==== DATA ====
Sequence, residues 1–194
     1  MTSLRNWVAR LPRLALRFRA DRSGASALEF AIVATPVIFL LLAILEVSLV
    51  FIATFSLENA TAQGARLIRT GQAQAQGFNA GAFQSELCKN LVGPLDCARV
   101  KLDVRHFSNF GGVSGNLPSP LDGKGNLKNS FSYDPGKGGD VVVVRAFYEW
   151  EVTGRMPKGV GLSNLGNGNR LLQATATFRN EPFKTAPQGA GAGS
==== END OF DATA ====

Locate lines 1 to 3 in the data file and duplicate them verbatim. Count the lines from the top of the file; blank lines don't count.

Sequence, residues 1–194
     1  MTSLRNWVAR LPRLALRFRA DRSGASALEF AIVATPVIFL LLAILEVSLV
    51  FIATFSLENA TAQGARLIRT GQAQAQGFNA GAFQSELCKN LVGPLDCARV